As a woman living in an Islamic country as a researcher of women’s issues, the matter of religion frequently rears its unresolved head. After reading several articles by Muslims, feminists and Muslim feminists (ie: Anouar Majid, Iman Hashim, Margot Badran) as well as a recent biography of Muhammed’s life written by a woman (Eminent Lives: Muhammad by Karen Armstrong), I will try to share a little of what I’ve learned of women in Islam.
The first important point is interpretation. Even with a book like a Qur’an, which is to be followed verbatim, there still remains historical context and diverging interpretations among the community. Muslim friends explained that many people who consider themselves Muslims have never read the Qur’an, but only hear other people’s interpretations. With the intent of the speaker differing across the world, many messages of the Qur’an are distorted. A friend said, “we should read the Qur’an as individuals, and what we get out of it is how we should practice. And not read just once – but many times. I have read the Qur’an when I was 18 and one message stood out to me. Read again at 25, other messages stood out. When I was 40, I learned something entirely new.”
This notion of interpretation leads into how there were particular intentions of Islam that were lost in dominating cultural pulls. “The gender question should be reexamined, as the gender revolution was intended in Islam but never took off. It was aborted arguably for two reasons…[one being] the door of ijtihad [intellectual effort] closed and the gender revolution was thereby aborted. (Mazrui, 1993)" The end of the intellectual effort (ijtihad) referred to what my friend mentioned above: individual interpretation. But because many followers cannot speak or read Arabic for themselves, the message and intellectual interpretation was lost.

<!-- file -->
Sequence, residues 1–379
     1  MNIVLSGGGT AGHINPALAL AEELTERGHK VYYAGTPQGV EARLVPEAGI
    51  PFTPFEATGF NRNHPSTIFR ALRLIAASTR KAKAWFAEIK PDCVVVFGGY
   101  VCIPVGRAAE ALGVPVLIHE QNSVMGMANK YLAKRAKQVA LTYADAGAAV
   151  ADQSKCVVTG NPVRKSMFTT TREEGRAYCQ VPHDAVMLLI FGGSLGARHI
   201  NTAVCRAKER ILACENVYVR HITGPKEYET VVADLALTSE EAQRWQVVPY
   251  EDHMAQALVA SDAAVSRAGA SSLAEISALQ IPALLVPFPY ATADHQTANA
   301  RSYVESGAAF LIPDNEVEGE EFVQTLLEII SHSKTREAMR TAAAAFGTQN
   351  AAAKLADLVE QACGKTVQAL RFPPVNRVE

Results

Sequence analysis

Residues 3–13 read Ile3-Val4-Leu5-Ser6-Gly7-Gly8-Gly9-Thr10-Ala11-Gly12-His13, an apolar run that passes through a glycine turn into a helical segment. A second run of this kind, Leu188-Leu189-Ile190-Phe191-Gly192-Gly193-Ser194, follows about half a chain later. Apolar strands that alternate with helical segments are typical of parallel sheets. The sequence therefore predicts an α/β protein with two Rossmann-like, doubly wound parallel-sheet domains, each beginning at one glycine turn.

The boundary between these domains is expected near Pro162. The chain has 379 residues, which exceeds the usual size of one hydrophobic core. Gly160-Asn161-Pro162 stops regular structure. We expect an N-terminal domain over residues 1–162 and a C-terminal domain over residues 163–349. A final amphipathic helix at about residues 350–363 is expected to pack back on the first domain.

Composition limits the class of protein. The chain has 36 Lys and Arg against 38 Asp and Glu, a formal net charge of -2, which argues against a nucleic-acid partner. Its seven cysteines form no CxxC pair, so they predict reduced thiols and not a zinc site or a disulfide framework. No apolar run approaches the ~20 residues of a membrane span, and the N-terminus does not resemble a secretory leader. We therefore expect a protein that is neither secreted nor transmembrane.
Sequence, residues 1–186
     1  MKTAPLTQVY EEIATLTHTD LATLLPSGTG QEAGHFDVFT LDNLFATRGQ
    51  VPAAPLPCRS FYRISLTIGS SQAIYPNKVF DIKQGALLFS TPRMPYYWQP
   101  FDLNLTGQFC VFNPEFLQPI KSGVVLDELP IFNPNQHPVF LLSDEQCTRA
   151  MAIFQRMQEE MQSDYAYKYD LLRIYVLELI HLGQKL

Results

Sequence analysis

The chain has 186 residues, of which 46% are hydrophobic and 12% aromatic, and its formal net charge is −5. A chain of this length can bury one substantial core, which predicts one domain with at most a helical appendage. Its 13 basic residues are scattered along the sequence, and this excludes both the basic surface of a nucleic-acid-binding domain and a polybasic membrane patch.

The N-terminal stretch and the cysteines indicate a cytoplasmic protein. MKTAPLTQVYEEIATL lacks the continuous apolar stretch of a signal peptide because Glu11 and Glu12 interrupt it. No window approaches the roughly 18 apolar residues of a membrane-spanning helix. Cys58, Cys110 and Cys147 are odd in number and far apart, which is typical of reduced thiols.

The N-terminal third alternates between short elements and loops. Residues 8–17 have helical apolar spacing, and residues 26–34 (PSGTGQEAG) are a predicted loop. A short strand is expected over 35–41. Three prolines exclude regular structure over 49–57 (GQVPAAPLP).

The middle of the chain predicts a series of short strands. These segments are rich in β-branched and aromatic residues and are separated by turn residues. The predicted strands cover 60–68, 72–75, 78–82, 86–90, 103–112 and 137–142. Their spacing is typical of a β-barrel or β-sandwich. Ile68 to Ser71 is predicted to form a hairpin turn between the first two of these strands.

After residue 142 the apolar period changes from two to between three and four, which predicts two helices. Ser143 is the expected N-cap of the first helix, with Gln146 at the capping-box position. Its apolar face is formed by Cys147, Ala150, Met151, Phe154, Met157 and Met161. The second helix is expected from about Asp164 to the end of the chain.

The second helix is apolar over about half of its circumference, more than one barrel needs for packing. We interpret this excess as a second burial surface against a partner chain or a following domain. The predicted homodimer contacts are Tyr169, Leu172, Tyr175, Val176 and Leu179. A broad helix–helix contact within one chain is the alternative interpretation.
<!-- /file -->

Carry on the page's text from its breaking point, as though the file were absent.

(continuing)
Also, Muhammad faced intense adversity when trying to spread his message. One message was the equality of men and women: “Whoever performs good deeds, whether male or female and is a believer, We shall surely make him live a good life and We will certainly reward them for the best of what they did” (Qur’an, 16:97). However, some of Muhammad’s followers began to turn on him when he began to profess equality of women – equality extending as far as allowing women to take arms to fight for Islam.* In chauvinist Arabia, enemies against Islam became to use this ‘weakness for women’ against Muhammad while even his closest followers were aggressively disappointed in his equality stance (Armstrong). Muhammad’s message of equality, even with his charismatic ways, could not beat the ties to local culture (Armstrong gives an excellent review of how local culture affective the development of Islam). Overall, full gender equality was destined for Islam, however, like the development of the whole religion, was trapped by pre-existing Arabic culture. This entrapment is why the Qur’an permits men to beat their wives, which Muhammad feared and abhorred.
Then if these interpretations are accurate, then why do we hear so much anti-women and anti-equality professions of Islam?
First, sexism, chauvinism and misogyny still exists – everywhere. Those who preach male superiority quoted in Islam are widely considered to not be Muslims by Muslims. Second, Western media bombards us with the worst of the worst. Replaying images of women dashing out of their houses after the liberation from under the Taliban seeps into our mind, molding us to view all Muslims as the Taliban. We receive little public and personal exposure to Islamic ideals outside of the media because of the small population living in the west. It’s important to make judgments about a group of people that many of us have barely had a conversation with. One comedian, Russell Peters, put it so eloquently: “The only Muslims we see on Western TV is like people of the Middle East seeing Rednecks as the only Westerners.”